The best part of the book is that it sets a dark and gritty tone immediately and expands on it throughout the novel. The book feels raw. It transported me to crowded streets and coffin hotels and managed to make me feel a little claustrophobic. The world is pressing down on our main character and that weight is expressed through the scenery and clever word choice. It was a book unlike anything I had read since I started this journey through science fiction and I think it was a good way to reset my mind about what scifi can do.
The Martian Chronicles is a series of vignettes that tell a semi-cohesive story about the human exploration and colonization of Mars. I didn’t know that when I picked up the book, but it’s a format that I enjoy quite a bit.
The first few stories were incredible. Bradbury incorporates smart humor and satire so effortlessly into his writing. I found myself grinning more than once at some of the absurdity. My favorite story features Captain Jonathan Williams and his three-man crew as they travel around Mars looking for someone to congratulate them on completing the journey through space. It features some of the best moments that the book has to offer.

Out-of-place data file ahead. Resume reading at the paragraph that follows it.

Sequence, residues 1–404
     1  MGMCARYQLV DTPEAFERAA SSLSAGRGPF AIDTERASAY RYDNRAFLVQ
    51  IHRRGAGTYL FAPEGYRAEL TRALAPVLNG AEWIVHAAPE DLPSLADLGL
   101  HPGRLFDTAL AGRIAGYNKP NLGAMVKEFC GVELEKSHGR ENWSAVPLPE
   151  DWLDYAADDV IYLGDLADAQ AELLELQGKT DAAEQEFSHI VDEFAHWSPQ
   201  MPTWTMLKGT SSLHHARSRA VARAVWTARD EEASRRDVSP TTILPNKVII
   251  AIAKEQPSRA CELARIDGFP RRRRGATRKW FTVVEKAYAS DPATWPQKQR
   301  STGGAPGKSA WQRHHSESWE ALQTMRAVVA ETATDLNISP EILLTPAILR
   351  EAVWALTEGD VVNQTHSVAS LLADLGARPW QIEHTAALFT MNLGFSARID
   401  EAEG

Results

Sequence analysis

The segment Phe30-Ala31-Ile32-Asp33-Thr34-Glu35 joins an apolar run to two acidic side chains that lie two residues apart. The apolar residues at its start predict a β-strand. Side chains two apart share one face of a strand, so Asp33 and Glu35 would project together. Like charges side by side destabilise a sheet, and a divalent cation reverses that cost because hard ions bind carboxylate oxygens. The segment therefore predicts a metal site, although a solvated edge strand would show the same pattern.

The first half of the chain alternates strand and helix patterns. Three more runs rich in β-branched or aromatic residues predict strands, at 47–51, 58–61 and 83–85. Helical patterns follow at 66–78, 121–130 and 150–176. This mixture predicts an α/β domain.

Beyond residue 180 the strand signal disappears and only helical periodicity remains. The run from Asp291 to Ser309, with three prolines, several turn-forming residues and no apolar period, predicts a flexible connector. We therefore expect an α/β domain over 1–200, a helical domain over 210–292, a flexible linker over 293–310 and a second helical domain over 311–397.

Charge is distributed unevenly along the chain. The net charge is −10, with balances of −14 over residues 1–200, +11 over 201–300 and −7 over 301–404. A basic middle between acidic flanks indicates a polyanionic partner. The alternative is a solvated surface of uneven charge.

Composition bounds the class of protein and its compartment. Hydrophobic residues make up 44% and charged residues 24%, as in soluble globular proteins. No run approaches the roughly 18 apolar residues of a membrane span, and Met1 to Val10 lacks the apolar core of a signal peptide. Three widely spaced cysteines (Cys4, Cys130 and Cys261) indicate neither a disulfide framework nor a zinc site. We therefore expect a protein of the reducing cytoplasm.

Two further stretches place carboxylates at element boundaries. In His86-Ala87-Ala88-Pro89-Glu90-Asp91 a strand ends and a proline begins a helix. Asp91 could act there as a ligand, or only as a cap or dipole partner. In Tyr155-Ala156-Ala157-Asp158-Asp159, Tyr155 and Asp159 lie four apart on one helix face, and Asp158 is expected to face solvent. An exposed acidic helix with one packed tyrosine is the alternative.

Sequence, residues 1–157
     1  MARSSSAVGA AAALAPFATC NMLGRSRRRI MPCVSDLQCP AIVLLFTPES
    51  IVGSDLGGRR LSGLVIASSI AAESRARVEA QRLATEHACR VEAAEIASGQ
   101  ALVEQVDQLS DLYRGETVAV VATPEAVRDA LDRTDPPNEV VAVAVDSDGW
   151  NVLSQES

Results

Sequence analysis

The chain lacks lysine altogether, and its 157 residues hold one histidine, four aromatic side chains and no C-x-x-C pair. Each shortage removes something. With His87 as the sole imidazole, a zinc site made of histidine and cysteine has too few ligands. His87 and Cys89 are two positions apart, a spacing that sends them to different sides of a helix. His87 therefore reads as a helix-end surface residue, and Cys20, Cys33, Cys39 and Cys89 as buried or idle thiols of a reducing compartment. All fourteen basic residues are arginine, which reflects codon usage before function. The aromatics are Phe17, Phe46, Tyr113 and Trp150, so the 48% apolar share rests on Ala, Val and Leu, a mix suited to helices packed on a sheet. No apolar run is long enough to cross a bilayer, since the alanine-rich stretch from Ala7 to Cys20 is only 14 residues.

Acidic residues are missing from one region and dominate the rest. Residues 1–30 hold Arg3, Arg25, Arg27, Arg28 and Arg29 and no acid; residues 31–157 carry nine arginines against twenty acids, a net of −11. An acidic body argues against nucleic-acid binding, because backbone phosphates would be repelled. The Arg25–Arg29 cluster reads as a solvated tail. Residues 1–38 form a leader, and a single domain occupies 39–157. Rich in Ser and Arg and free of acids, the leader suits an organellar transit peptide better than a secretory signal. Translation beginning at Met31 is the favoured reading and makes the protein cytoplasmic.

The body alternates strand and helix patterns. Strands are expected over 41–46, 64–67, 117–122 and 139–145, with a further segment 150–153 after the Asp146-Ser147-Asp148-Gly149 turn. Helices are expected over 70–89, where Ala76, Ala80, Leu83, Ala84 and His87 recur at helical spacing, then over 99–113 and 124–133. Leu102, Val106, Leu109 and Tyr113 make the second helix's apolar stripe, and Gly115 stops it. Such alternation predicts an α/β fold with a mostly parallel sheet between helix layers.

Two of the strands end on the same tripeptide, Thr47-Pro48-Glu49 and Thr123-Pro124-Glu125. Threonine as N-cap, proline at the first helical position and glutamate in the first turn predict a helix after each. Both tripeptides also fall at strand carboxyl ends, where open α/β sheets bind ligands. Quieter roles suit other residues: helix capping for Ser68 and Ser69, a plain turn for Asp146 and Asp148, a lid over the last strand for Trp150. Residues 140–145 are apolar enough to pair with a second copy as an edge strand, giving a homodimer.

Unfortunately, as the book went on I thought that the stories lost some of their luster. They weren’t bad, but the bar was set so high by the first few stories. The first stories set a more lighthearted tone and the stories in the latter half of the book shifted to a more somber mood. It’s a tonal shift that makes sense in the context of the overarching story, but for me personally it felt like a bit of a letdown. Bradbury loses something in the tonal shift and though the stories are well written, they didn’t stick with me the way the first few did.
Anyway, if you want to talk about Gibson or tell me why I’m wrong about The Martian Chronicles, feel free to message me or tweet me @left4turtle.